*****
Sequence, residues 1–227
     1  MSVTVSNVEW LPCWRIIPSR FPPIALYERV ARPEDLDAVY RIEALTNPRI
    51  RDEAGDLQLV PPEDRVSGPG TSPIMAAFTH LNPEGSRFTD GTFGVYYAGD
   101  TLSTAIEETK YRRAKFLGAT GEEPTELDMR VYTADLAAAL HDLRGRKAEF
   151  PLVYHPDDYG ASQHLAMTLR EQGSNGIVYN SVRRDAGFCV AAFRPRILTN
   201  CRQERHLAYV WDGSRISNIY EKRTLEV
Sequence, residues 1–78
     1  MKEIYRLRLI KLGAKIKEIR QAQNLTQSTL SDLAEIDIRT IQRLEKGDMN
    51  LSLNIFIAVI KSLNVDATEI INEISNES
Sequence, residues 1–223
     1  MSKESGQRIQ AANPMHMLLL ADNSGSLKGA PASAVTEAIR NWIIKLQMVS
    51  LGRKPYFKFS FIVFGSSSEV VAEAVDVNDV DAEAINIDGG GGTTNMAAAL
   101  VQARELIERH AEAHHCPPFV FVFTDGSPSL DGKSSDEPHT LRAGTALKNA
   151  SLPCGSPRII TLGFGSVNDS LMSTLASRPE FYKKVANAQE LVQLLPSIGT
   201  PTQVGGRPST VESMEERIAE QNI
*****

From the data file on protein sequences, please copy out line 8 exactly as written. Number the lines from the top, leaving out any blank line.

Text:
     1  MKEIYRLRLI KLGAKIKEIR QAQNLTQSTL SDLAEIDIRT IQRLEKGDMN